Medicines can also be a cause of black poop, most notably antacid medications usually taken to treat upset stomach or heartburn. Iron supplements, whether taken as multivitamins or as part of iron-fortified formula, can also cause stools to turn black.

When is black baby poop an alarming sign? 

Black baby poop that is thick, dark, and tarry — almost like the meconium but a bit firmer — may suggest a serious problem, and you should call your pediatrician right away if you notice this. 

They can likely perform further tests to determine whether or not the black baby poop is caused by bleeding in the digestive tract or something else.

Effect of breast milk vs formula

A mom feeds her baby

Your baby's body tends to absorb breast milk more completely, so it's entirely possible they may not poop for days while being breastfed, and this is normal. But other breastfed children may pass a yellow-colored stool that's mustardy and seedy in consistency after each feeding, at least for a few weeks or months. Formula-fed babies' stools tend to be darker or tan-colored.

Black baby poop that looks black but isn't

Sometimes baby poop that has bile in it can look black in dim lighting or indirect light, but it's actually very dark green. If you put a bit of it on a cotton swab, smear it on a piece of white paper, and hold it under a bright light, it will look dark green instead of black.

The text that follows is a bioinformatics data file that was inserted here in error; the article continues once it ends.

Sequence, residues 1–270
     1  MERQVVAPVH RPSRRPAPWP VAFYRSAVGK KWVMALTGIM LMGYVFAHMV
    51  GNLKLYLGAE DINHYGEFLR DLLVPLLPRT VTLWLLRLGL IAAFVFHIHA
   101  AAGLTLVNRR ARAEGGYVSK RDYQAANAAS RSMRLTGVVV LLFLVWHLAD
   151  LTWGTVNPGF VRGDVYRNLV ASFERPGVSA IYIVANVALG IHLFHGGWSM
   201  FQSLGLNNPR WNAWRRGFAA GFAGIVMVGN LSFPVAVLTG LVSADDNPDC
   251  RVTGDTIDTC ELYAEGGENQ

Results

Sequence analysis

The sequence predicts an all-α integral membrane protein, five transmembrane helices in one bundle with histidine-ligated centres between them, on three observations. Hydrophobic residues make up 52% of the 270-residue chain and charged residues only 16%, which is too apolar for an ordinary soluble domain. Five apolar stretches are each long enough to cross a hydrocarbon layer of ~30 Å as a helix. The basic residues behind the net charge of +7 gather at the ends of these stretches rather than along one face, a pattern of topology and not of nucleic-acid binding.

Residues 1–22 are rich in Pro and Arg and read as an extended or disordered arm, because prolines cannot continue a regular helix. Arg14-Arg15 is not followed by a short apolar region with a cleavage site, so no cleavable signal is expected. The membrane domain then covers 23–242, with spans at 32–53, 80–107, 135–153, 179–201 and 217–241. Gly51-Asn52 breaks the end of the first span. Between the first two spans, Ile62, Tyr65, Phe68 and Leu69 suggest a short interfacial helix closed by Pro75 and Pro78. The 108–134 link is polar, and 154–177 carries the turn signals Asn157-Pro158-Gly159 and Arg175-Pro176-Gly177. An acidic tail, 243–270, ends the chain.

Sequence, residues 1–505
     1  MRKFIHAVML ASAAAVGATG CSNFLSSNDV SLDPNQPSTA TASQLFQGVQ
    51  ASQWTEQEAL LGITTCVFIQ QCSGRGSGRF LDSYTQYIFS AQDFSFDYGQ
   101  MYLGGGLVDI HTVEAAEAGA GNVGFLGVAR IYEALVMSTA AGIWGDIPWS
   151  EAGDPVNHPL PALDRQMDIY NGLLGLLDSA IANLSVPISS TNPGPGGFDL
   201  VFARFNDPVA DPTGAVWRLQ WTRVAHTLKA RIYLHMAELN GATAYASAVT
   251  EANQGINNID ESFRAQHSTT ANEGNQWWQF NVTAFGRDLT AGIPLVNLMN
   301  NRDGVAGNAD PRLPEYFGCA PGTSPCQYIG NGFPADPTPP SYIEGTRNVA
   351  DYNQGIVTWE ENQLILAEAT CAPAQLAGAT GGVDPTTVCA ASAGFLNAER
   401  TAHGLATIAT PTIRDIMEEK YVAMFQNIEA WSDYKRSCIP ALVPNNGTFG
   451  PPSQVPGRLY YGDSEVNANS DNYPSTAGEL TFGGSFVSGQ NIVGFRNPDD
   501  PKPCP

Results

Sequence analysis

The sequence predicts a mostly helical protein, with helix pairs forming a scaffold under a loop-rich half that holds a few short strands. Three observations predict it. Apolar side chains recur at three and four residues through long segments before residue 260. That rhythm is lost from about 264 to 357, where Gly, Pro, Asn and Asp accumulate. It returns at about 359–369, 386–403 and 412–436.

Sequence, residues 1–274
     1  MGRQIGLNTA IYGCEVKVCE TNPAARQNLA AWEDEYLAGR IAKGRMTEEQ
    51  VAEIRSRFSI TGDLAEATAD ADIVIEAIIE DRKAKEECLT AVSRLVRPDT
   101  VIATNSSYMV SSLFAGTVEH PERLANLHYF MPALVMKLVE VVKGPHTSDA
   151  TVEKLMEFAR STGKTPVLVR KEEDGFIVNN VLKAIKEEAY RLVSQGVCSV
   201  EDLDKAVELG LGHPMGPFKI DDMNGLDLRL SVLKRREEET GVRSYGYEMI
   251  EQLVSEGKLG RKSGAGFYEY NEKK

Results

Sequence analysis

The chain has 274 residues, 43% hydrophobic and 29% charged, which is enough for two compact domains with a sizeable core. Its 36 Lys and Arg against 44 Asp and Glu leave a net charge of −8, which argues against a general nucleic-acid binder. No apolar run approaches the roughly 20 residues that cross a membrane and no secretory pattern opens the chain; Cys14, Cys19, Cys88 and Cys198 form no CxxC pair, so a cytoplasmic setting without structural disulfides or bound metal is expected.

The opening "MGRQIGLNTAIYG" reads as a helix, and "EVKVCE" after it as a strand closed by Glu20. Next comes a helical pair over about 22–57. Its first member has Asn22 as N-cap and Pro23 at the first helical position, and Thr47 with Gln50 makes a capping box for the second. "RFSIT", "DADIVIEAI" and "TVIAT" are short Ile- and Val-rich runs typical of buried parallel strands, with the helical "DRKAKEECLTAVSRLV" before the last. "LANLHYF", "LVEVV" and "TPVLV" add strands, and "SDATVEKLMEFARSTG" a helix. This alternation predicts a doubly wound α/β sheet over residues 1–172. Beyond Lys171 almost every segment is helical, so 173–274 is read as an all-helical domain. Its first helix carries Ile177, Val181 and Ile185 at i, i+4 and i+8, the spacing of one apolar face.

This is normally nothing to worry about, since sometimes digestive juices from the stomach or intestines can come out in baby's poop. If you're worried, you can always call your pediatrician.

The big picture about poop colors

Whatever your baby eats or drinks is going to affect what ends up in their diaper. The milk your baby swallows, whether breast milk or formula, goes into their stomach, where acids break it down.  Nutrients and water get absorbed into the blood to keep your baby healthy and strong, and the other indigestible things, like fiber, keep moving through until eventually it comes out as poop in your baby's diaper.

If it moves through your baby's system at a slower pace, it can pick up water and other nutrients from it, and the result is a firmer poop. But if stuff moves through too quickly, water and electrolytes don't get absorbed, and sometimes this results in diarrhea.

So while some colors are entirely normal, others are a cause for concern. If your baby's drinking iron-fortified formula and you notice black poop baby is passing, then it's probably nothing to worry about. But if you notice it out of the blue and they're not taking iron supplements, then you may want to call your doctor to rule out something more serious.

To sum up, black baby poop is normal in some cases and not normal in others. The answer in your personal situation depends on your child, their eating habits, and other symptoms. Remember that your pediatrician can always help answer questions if you're unsure.

https://www.pbs.org/newshour/science/babys-poop-color

https://www.whattoexpect.com/first-year/health-and-safety/baby-poop-colors-textures/

https://www.webmd.com/parenting/baby/baby-bowel-movements

https://www.healthline.com/health/parenting/baby-poop-color